Combatting the bug

1 min read

The University of Hull and the Hull York Medical School have joined forces with medical device giant, Smith & Nephew Medical, to pioneer a dressing with anti-MRSA properties.

The University of Hull and the Hull York Medical School have joined forces with medical device giant, Smith & Nephew Medical, to pioneer a dressing with anti-MRSA properties.

MRSA (methicillin-resistant staphylococcus aureus) has become the scourge of hospitals for a number of years. It is a bacterium from the staphylococcus aureus (SA) family and one in three people carry it on the surface of their skin without developing an infection. If SA gets into the body through a break in the skin it can cause infections. The problem is that while it can be mostly treated with antibiotics, MRSA has become increasingly anti-biotic resistant.

Those in hospitals are more likely to develop MRSA infections because they often have an entry point for the bacteria to get into the body, such as a wound. Around 100,000 people acquire the infection each year, and with the number of MRSA infections increasing across the world, research into combating the so-called ‘super bug’ has never been more important.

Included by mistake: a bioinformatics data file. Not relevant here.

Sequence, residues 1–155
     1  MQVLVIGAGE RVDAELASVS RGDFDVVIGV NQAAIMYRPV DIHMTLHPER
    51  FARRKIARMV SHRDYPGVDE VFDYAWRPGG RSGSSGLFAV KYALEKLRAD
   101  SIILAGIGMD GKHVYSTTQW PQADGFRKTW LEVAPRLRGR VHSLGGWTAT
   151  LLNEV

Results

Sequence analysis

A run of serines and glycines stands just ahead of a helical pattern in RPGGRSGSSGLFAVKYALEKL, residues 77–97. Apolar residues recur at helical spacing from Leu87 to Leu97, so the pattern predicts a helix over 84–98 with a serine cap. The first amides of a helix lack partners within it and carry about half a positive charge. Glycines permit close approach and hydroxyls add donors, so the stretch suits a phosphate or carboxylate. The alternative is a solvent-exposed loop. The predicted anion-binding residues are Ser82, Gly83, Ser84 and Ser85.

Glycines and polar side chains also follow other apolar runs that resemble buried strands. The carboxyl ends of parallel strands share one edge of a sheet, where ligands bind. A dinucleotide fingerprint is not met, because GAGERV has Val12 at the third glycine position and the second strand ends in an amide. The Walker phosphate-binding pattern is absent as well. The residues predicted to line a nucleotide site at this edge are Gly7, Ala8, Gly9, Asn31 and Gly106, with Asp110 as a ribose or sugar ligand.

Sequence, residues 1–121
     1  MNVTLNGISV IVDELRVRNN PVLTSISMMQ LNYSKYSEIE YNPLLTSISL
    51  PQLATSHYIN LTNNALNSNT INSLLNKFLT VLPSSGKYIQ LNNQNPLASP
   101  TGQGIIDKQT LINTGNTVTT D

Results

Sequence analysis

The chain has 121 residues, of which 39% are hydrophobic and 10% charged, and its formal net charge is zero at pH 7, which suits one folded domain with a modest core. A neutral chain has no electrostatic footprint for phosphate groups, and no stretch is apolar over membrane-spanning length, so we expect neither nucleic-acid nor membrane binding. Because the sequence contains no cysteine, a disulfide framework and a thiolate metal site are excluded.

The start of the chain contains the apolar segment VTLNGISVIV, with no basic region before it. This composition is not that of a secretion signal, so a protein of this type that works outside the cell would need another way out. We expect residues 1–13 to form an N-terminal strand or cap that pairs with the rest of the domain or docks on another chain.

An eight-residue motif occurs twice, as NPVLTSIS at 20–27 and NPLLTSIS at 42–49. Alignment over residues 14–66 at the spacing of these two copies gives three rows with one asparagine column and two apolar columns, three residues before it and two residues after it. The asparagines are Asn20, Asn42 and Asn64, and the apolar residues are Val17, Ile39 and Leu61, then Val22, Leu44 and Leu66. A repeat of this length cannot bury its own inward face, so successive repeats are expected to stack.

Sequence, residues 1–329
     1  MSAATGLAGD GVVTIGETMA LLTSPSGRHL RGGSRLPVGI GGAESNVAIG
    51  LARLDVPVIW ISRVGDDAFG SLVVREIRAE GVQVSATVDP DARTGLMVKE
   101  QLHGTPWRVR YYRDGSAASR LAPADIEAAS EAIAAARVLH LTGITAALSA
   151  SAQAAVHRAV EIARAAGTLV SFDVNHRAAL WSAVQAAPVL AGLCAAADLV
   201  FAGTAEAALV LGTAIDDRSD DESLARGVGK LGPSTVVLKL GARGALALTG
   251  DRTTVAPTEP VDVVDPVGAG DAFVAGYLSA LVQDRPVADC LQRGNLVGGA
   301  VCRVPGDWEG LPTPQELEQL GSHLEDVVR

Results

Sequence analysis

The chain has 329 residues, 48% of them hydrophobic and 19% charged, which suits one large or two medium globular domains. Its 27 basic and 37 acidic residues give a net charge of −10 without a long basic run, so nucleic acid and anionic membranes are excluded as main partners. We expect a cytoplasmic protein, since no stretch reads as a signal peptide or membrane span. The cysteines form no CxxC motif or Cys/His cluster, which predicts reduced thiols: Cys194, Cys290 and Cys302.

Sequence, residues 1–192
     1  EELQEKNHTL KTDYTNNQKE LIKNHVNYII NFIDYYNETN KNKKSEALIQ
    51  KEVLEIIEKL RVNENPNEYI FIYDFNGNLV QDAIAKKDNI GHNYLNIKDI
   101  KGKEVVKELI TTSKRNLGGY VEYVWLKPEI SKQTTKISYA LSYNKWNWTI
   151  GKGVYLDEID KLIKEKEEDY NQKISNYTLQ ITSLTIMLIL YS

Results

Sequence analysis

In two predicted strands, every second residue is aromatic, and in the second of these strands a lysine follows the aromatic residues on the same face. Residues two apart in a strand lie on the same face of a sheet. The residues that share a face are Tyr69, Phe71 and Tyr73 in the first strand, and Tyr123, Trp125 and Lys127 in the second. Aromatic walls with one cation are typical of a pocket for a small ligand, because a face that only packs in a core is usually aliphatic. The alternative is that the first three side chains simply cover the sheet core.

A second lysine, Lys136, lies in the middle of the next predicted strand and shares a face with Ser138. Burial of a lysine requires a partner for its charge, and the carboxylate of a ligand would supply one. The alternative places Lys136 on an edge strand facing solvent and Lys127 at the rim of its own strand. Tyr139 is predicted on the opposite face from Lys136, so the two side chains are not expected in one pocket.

A successful clinical pilot study on the Smith & Nephew product, ACTICOAT – a silver containing antimicrobial barrier dressing – has already been performed, providing initial evidence that ACTICOAT is a highly effective and reliable barrier to the spread of MRSA into the wider hospital environment.

The company is enlisting the help of research centres around the globe, including the Hull York Medical School, to carry out an additional clinical trial of the product to support the results of this first study. Since the University is home to a world-class Wound Care Institute, they are a key partner in this exercise.

Smith & Nephew’s Clinical Project Manager, Carol Hegarty, said: ‘This is an extremely important study for us, we expect that the results of this study will provide us with further evidence for the effectiveness of ACTICOAT as a barrier to MRSA cross-contamination and as a bactericidal agent.’

Director of the Hull York Medical School’s Wound Care Institute, Professor Philip Drew, said: ‘The early signs are that this is a very effective treatment. We hope that this is confirmed in the clinical trial and that the product goes on to make a real difference in eradicating the MRSA super bug from our hospitals and communities.’